Therapy
Sustained low efficiency dialysis using a single-pass batch system in acute kidney injury - a randomized interventional trial: the REnal Replacement Therapy Study in Intensive Care Unit PatiEnts
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Summary
Posted By: Gordon S. Doig
E-Mail: gdoig@med.usyd.edu.au
Posted Date: 8 Aug 2012
Title: Sustained low efficiency dialysis using a single-pass batch system in acute kidney injury - a randomized interventional trial: the REnal Replacement Therapy Study in Intensive Care Unit PatiEnts
Authors: Schwenger et al
Reference: Critical Care 2012, 16:R140 doi:10.1186/cc11445
Link: Click here for a direct link to the paper. A password may be required for access to fulltext.
Abstract: INTRODUCTION: Acute kidney injury (AKI) is associated with a high mortality of up to 60%. The mode of renal replacement therapy (intermittent versus continuous) has no impact on patient survival. Sustained low efficiency dialysis using a single-pass batch dialysis system (SLED-BD) has recently been introduced for the treatment of dialysis-dependent AKI. To date, however, only limited evidence is available in the comparison of SLED-BD versus continuous veno-venous hemofiltration (CVVH) in intensive care unit (ICU) patients with AKI. METHODS: Prospective, randomized, interventional, clinical study at a surgical intensive care unit of a university hospital. Between April 1st 2006 and January 31st 2009, 232 AKI patients who underwent renal replacement therapy (RRT) were randomized in the study. Follow-up was assessed until August 30th 2009. Patients were either assigned to 12-h SLED-BD or to 24-h predilutional CVVH. Both therapies were performed at a blood flow of 100-120 ml/min. RESULTS: 115 patients were treated with SLED-BD (total number of treatments n=817) and 117 patients with CVVH (total number of treatments n=877).The primary outcome measure, 90-day mortality, was similar between groups (SLED: 49.6% vs. CVVH: 55.6%, P=0.43). Hemodynamic stability did not differ between SLED-BD and CVVH, whereas patients in the SLED-BD group had significantly fewer days of mechanical ventilation (17.7 +/- 19.4 vs. 20.9 +/- 19.8, P=0.047) and fewer days in the ICU (19.6 +/- 20.1 vs. 23.7 +/- 21.9, P=0.04). Patients treated with SLED needed fewer blood transfusions (1,375 +/- 2,573 ml vs. 1,976 +/- 3,316 ml, P=0.02) and had a substantial reduction in nursing time spent for renal replacement therapy (P<0.001) resulting in lower costs. CONCLUSIONS: SLED-BD was associated with reduced nursing time and lower costs compared to CVVH at similar outcomes. In the light of limited health care resources, SLED-BD offers an attractive alternative for the treatment of AKI in ICU patients. Trial registration: ClinicalTrials.gov NCT00322530.
 
Are the Results Valid?
1. Was the assignment of patients to treatments randomized? (Was allocation concealment maintained?)
The authors do not explicitly report how allocation concealment was maintained. Although a computer was used to generate the sequence, we do not know how the sequence was executed (Ex. sealed envelopes etc).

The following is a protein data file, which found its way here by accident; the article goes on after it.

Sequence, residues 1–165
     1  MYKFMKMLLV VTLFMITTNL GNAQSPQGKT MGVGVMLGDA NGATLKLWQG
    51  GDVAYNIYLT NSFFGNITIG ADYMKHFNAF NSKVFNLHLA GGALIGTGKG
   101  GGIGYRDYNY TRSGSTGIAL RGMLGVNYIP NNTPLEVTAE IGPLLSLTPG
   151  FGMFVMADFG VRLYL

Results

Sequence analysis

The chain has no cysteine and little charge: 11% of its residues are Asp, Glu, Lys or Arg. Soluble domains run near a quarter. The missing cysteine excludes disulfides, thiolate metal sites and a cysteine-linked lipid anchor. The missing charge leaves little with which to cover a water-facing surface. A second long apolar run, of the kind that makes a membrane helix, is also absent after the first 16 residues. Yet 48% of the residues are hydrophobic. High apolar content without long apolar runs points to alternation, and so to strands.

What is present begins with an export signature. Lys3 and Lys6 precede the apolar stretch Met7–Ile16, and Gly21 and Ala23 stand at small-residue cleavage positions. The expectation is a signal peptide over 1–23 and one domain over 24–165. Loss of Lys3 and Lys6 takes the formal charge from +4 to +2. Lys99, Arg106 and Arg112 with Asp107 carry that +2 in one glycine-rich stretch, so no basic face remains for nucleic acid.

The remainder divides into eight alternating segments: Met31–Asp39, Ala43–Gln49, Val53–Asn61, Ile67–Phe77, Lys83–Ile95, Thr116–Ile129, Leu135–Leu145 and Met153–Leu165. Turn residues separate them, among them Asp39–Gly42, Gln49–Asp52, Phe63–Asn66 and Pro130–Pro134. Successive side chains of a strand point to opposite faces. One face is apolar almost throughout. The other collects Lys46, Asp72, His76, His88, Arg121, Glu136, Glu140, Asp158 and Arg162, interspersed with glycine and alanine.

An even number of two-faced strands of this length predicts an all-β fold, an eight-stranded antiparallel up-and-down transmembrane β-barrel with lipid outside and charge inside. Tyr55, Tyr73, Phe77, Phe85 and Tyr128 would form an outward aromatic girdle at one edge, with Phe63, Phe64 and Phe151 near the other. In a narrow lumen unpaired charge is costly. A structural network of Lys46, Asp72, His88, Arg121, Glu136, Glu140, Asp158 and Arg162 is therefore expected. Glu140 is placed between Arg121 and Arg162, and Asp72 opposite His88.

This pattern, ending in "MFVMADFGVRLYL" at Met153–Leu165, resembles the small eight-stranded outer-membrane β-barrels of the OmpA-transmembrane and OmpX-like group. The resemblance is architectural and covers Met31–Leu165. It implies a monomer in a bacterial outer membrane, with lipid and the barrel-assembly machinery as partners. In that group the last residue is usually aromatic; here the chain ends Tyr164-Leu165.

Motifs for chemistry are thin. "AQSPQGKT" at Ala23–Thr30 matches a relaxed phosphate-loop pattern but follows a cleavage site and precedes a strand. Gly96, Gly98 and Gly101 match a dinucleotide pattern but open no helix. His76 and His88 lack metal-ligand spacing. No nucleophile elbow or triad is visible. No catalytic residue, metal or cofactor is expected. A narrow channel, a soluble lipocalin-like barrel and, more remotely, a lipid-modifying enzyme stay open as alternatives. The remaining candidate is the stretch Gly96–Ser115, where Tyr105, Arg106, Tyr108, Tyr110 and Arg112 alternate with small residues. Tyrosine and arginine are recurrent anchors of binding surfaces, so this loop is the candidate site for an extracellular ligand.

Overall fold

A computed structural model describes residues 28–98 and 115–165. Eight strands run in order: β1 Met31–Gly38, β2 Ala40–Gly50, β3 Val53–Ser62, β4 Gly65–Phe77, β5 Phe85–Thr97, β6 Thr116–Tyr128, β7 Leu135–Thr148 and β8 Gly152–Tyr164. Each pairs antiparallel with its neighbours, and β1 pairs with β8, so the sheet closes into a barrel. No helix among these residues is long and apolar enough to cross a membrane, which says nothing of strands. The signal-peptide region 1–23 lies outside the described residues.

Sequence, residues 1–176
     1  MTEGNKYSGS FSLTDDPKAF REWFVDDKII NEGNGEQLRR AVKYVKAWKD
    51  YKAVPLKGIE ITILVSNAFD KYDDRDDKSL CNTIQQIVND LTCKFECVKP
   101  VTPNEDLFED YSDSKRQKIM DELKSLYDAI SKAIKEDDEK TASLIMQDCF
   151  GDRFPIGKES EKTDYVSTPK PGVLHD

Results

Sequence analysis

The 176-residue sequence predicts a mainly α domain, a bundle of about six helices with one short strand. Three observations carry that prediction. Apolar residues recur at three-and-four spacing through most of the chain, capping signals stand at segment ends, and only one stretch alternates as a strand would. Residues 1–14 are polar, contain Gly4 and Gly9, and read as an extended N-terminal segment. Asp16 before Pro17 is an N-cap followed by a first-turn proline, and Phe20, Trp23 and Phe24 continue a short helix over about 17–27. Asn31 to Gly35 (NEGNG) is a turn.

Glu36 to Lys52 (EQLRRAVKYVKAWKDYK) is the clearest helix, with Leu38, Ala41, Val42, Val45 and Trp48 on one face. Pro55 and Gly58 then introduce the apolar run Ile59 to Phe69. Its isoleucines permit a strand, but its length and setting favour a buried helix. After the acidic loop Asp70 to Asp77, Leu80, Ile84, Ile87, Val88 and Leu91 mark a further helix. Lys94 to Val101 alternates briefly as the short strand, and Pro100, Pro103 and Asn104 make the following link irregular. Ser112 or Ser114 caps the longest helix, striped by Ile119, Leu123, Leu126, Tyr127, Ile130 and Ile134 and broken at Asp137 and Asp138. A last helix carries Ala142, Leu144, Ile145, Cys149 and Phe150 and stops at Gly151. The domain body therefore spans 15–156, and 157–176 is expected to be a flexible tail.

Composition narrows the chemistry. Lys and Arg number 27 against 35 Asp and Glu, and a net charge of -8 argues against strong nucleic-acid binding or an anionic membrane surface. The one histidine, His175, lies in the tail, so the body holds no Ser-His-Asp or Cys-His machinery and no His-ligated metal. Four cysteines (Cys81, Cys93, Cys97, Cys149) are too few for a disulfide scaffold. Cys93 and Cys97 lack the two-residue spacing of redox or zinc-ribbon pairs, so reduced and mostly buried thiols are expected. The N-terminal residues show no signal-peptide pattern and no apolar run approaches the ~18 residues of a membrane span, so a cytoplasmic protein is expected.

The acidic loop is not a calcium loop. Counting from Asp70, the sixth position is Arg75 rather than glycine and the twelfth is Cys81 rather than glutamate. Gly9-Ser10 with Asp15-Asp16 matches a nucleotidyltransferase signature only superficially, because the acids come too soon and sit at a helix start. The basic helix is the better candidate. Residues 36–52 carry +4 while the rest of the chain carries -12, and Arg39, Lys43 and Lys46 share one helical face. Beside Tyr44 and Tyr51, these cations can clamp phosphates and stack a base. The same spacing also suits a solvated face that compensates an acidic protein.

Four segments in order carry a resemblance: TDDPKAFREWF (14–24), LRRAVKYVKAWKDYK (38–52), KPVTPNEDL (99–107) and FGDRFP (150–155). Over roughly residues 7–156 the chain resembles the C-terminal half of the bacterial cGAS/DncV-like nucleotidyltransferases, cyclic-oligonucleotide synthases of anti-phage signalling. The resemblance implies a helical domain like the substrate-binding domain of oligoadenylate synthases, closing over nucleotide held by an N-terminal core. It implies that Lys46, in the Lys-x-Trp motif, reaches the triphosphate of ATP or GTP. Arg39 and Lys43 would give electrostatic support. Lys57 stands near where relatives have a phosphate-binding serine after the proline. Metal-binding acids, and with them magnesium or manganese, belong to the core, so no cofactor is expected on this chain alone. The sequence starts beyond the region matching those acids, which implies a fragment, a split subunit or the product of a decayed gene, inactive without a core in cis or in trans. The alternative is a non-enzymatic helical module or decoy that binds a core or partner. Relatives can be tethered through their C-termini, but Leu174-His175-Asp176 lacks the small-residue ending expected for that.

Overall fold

2. Were all patients who entered the trial properly accounted for and attributed at its conclusion?
2a. Was followup complete?
5 patients were lost to follow-up for Day 90 outcomes (2 CVVH and 3 SLED) and were analysed as 'alive. Losses were not extensive.
2b. Were patients analyzed in the groups to which they were randomized?
Yes, patients were analysed in the groups to which they were allocated.
3. Were patients, health workers, and study personnel blind to treatment?
No, blinding was not used.
4. Were the groups similar at the start of the trial?
Yes, baseline balance is appropriate.
5. Aside from the experimental intervention, were the groups treated equally?
The groups appear to have been treated similarly.
What are the Results?
1. How large was the treatment effect?
There was no difference in mortality.
All analyses for continuous outcomes (MV time, ICU stay etc) was conducted with 1-tailed tests, which is likley inappropriate. To be conservative, we recommend DOUBLING any p-value obtained using a 1-tailed analysis. Therefore, p-values for key secondary outcomes become non-significant (Ex. days of MV p-value 0.047 becomes 0.094, ICU stay p-value 0.04 becomes 0.08 etc).
2. How precise was the estimate of the treatment effect?
Will the Results Help Me In Caring For My Patients?
1. Can the results be applied to my patient care?
Yes, some ICUs in Australia do use SLED however due to the inappropriate use of 1-talied p-values, SLED may not be as effective as originally reported in this paper.
2. Were all clinically important outcomes considered?
Yes.
3. Are the likely treatment benefits worth the potential harms and costs?
Unclear from this current trial.

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Sustained low efficiency dialysis using a single-pass batch system in acute kidney injury - a randomized interventional trial: the REnal Replacement Therapy Study in Intensive Care Unit PatiEnts

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